Pinellas County Sheriffs 'bruised and mistreated' Black Lives Matter activist after posing as apartment maintenance staff

Tampa Bay law enforcement continues to target Black Lives Matter organizers, critics say

click to enlarge PHOTO BY BRYAN EDWARD
Photo by Bryan Edward

Last Friday, 31-year old Sadie Dean was arrested by Pinellas sheriff deputies (PSCO) at her home in St Petersburg, in the latest development of what appears to be a pattern of Tampa Bay law enforcement targeting Black Lives Matter activists for arrest.

Dean—who was released on bond on the same day sheriffs took her in—was arrested on two charges of battery (misdemeanor) and false imprisonment (felony) for an incident that occurred during a June 27 “No Dugan, No KKK, No Racist Tampa Bay” protest in Hyde Park Village.

During an August 22 phone call, Dean’s attorney Haydee Oropesa told Creative Loafing Tampa Bay that she’s ready to fight these charges.

According to Bernice Lauredan, a For Our Future community organizer and member of Dream Defenders, Dean was “bruised and mistreated” during Friday’s arrest by PSCO. Lauredan told CL that, in making the arrest, law enforcement purposely misled Dean by posing as building maintenance in order to trick her into opening the door even though they had a warrant for her arrest. Dean’s attorney, Oropesa, confirmed she’d received a similar account from Dean regarding mistreatment during her arrest and the nature in which PSCO approached her.

“They used somebody to, posing as a maintenance guy to get her to open her door, and then they pulled her out,” Oropesa said. According to Dean’s account, shared with Oropesa, Dean was also not fully clothed at the time of her arrest. She told her attorney that the PSCO officers did not allow her to fully dress herself before forcibly removing her from her home.

“That is disturbing to me,” Oropesa said. “And then [they] make commentary that I find to be inappropriate.” Oropesa did not elaborate, but confirmed that she is still working on getting the full account of the arrest from Dean.

On Sunday, CL contacted Corporal Chuck Skipper—Public Information Officer for PCSO—to seek comment on these allegations. PCSO has yet to issue an official response.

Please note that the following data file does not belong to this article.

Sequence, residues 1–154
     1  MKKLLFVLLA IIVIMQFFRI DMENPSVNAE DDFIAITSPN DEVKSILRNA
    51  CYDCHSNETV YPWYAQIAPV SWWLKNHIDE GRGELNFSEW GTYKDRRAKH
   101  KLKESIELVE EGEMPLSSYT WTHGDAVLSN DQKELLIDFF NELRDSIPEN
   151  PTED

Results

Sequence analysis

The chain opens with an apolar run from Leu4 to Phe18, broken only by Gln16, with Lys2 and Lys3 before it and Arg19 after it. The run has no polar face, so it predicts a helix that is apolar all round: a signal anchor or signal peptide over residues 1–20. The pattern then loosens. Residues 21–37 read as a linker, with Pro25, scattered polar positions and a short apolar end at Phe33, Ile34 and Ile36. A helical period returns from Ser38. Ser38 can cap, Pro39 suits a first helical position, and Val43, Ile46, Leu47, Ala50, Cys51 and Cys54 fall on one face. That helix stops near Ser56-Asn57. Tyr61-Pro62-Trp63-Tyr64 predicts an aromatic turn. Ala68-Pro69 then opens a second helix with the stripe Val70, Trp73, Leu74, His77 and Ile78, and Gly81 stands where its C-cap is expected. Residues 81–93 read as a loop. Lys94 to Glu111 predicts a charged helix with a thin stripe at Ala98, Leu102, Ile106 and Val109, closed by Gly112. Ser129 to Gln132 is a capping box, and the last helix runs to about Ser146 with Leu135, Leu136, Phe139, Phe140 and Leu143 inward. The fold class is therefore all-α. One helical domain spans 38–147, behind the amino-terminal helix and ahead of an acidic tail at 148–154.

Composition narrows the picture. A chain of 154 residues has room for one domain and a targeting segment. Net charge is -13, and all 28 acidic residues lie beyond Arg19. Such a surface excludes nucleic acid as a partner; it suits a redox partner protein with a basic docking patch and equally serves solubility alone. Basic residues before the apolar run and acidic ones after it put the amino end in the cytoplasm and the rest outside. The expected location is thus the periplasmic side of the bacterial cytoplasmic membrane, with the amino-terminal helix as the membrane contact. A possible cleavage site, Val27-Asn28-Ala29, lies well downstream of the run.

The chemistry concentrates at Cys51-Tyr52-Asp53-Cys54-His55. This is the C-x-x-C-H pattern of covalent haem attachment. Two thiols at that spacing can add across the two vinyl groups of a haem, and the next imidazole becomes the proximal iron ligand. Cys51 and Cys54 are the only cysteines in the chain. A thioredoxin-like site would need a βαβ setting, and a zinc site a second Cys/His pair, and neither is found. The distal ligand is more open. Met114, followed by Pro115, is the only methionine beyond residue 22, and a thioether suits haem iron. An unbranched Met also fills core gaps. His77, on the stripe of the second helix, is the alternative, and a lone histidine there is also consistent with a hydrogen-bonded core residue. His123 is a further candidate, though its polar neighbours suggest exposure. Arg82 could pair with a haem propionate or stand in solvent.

Since the wave of recent Black Lives Matter protests across Tampa Bay, several prominent organizers have been arrested and detained on questionable charges, including:

  • Former Tampa resident and protest organizer, Emadi Okwuosa, who was arrested during a protest on June 4 on a charge of inciting a riot. This charge has since been dropped after state prosecutors found “no evidence” of the charge’s legitimacy.
  • On June 27, the same day Dean “imprisoned” a pro-TPD couple inside an Italian steakhouse, Jason Stuart Flores was arrested on charges of criminal mischief, unlawful assembly, obstructing a highway, and resisting arrest from law enforcement after being carried off by a black sedan that had driven through a group of Black Lives Matter protestors in Hyde Park Village.
  • In Pasco County, Black Lives Matter activist Marlowe Jones is facing charges of felony battery against a law enforcement officer and resisting an officer without violence, after Jones “lightly” tapped an officer on their shoulder the evening of July 24 and later pushed their hand away—as reported by the Tampa Bay Times. Another BLM Pasco protestor, Stephanie Hinkle, was reportedly pulled over by a cop in an unmarked car on July 31, on a charge of possessing a handcuff key.
  • On the night of August 13, Jae Passmore was met with excessive force by Tampa Police Department officers. The officers had moved to confront Passmore, alleging later in an official TPD statement that she had struck a man on the back of the head earlier that evening. This claim has been contradicted by video footage of the altercation, and denounced by local ACLU lawyer, Gretchen Cothron, who is Passmore’s primary legal counsel. The most recent addition to Passmore’s legal team is prominent civil rights lawyer, Ben Crump, who represented the families of Trayvon Martin and Michael Brown in their own fights for justice.

Dean’s arrest comes in the wake of a specific interaction on June 27 in Hyde Park Village, caught on video, between local Black Lives Matter protestors and two Back the Blue counter-protestors outside of Timpano, an Italian steakhouse. Video footage shared to Twitter by Tampa Bay Times reporter, Josh Solomon, shows a “scuffle” between a middle-aged woman with a “Back TPD” sign and an unidentified #DumpDugan protestor—not Dean—who attempted to block the pro-TPD woman by stepping in front of her. 

In the video, the woman’s husband proceeds to pull his wife back towards Timpano Italian Chophouse. As the woman is retreating back towards the building, it appears that she makes physical contact with the protestor who had been blocking her, grabbing their arm and pulling their hair. The Dump Dugan protester then turns back to the woman, as other protesters—including Dean—rush forward towards the three.

“Don’t you dare fucking touch my wife,” the husband can be heard shouting in the video, as the BLM protestors crowd around them at the building’s door. A man opens the door to the building from inside, and while the husband retreats from the protestors, his wife initially steps forward, towards the protestors once again. 

“Get the fuck back inside,” Dean can be heard saying in the video, with her hand on the door of the building. The husband grabs his wife and begins to pull her inside. Dean proceeds to close the glass door on the couple, leaving them inside the building.

Nearly a month later, despite this incident occurring in Tampa, Dean—a St. Pete resident—was arrested by PCSO deputies on two charges of false imprisonment and battery. 

“It’s honestly really scary how organizers are being targeted,” Lauredan told CL. “This is a pattern of behavior by law enforcement.”